A Few Intelligent Laughs

A Few Intelligent Laughs

More on the Internship-Week 3

The internship portion of my adventure in D.C. is turning out to be a real page-turner, and each day marks a new, dynamic and enthralling page. My growing database of personal experiences makes putting in the eight-hour workdays entirely worthwhile and the work environment has been one of the biggest bright spots.


For those fledgling blog followers, I work for a marketing company called Organic Marketing Analytics. We sell a specialized and intuitive online marketing platform. Our organic search term platform combines all traditional marketing tools into one comprehensive package—a package that reengineers online marketing, changing strategy and philosophy.


Anyway…my office environment is something special—a kind of oasis in which to view political happenings from afar as I have previously mentioned—and I find myself filling the roll of the snoopy office newcomer looking to figure out why things look and feel this way. Utilizing all of my Inspector Crusoe skills, I believe I now have some valuable insight.


What I have found is not some esoteric treasure hidden away like some ancient Egyptian sarcophagus of knowledge but simple, genuine principles. What is normally discarded or ignored as mundane and too progressive by conventional business, my office and everyone else in the building has bought into. Here’s a taste of the manuscript of jubilant office environment principles that people here keep handy:


1) Laugh often…seriously, laughing instantly makes everyone feel more comfortable and happy. It also makes you live longer.

2) Don’t take things too seriously. Life isn’t linear and constant worry only serves to strain the mind and body in the work environment.

3) It’s okay to indulge a little and reward yourself. We have a frozen yogurt machine, keg, and plenty of TV’s to watch the World Cup on that every office mate takes full advantage of for breaks.

4) The old way isn’t always the best—constant innovation and updating should be commonplace.

5) Technology is the panacea for ignorance: coordination and learning are achieved through 21st century invention.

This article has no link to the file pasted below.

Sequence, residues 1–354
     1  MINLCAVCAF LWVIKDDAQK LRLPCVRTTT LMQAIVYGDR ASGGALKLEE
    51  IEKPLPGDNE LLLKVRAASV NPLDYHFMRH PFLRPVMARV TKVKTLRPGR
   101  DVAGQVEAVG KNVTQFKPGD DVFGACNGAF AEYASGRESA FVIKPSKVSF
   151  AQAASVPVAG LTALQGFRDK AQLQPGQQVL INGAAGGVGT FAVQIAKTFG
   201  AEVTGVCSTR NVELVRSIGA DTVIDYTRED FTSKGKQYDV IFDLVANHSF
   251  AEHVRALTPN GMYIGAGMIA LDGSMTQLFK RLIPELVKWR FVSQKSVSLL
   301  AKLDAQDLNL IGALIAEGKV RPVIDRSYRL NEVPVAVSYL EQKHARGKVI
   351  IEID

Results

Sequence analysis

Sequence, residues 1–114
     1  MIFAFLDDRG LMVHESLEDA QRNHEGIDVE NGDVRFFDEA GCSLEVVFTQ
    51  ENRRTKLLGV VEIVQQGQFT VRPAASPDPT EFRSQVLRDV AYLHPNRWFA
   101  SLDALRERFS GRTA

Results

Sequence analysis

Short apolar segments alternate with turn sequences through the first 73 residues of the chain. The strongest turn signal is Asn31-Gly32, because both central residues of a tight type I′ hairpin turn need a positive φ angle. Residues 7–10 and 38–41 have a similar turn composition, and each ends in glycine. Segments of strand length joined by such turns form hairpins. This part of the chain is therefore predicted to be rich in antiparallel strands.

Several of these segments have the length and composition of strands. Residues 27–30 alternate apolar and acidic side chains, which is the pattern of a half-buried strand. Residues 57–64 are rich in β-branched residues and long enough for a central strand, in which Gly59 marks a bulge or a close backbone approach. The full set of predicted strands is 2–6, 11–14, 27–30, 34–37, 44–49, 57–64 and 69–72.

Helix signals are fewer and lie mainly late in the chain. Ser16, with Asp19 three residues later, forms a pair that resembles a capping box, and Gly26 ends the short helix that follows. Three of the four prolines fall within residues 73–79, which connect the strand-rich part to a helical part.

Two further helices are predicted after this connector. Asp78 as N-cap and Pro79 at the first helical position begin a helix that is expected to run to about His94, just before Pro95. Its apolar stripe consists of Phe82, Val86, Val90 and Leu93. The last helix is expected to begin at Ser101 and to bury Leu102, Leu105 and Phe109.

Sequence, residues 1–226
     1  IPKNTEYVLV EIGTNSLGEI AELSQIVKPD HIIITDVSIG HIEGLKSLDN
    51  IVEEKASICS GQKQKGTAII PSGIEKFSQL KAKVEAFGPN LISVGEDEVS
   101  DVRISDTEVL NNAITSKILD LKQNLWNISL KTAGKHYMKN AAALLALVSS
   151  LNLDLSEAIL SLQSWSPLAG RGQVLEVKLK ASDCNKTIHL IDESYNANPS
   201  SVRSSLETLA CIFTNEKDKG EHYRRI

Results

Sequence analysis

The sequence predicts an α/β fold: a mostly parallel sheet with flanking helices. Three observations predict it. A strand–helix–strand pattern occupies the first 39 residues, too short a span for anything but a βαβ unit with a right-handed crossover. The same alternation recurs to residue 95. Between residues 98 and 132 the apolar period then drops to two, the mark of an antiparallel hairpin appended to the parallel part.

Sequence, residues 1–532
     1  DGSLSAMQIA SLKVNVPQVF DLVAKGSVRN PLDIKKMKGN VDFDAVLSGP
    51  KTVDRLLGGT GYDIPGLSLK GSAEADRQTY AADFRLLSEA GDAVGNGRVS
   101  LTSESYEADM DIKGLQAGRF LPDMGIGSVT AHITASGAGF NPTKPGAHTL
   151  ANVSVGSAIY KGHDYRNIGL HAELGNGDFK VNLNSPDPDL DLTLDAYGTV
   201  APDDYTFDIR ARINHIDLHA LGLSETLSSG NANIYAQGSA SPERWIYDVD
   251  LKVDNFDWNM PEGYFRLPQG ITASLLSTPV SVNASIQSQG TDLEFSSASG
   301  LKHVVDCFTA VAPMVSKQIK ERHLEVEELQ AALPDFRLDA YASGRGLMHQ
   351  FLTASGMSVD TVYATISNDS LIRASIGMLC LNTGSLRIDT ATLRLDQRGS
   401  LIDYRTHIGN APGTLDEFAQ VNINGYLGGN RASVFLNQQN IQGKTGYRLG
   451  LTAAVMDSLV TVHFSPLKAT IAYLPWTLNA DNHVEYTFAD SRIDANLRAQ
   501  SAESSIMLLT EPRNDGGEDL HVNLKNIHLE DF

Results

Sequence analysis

Comedy/Soft Side

I continue to be mesmerized by our capital’s history and spend my free time roaming its streets. The Capitol Mall is captivating and relaxing all together in a way that you couldn’t experience anywhere else. The White House is like the Mecca of the west. I returned to it to pay my deliberate homage shortly after arriving in D.C., but it’s special just passing it in my weekly excursions through the city.


When everything in D.C. seems serious and so purposeful, I think it lightens the mood to pick a little clean fun at the history I’ve observed around the White House, so I thought I’d share one of its peculiar and humorous details.


But first a little history-The President’s Park consists of the White House, visitor center, The Ellipse, and Lafayette Square. My landscaped target is Lafayette Square, which is located North of the White House on H Street. This historic park received its name in 1824 when the park was renamed in honor of the General Marquis de Lafayette, the Frenchman who fought in the American Revolutionary War.


In a respectful way, I find the juxtaposition of Lafayette Square and the White House rather ironic, making for a funny comparison to today’s politics and current international relations climate. When the U.S. needed an ally against Britain in our struggle for independence and in other wars, and when we've needed a few bones, France has been there, and we have always willingly received their help. In addition to the ones in Lafayette Square, a conspicuous statue of copper, wrought iron and steel even stands in the midst of our nation’s biggest city, reminding us of our relationship and acknowledging all who gaze upon her in reverence. But at the same time, we seem to currently be in a cultural and political war of sorts with France.  We criticize them for being too socialist, too accommodating in foreign policy, and even arrogant culturally; they skewer us as free market capitalists without compassion, too quick to interfere in foreign policy and much too brash culturally.


In this comedic comparison I see a Soft-Side worthy message: that of honoring old cohorts adjacent to one of our most coveted landmarks. I see an inclusionary and bilateral tale of friendship that is not mirrored in today’s political encounters. Behind all the cynical political chatter, national powers can truly be friends without the imminent feelings of threat and competition.


Ode to General Marquis de Lafayette,

Cole M. Vance

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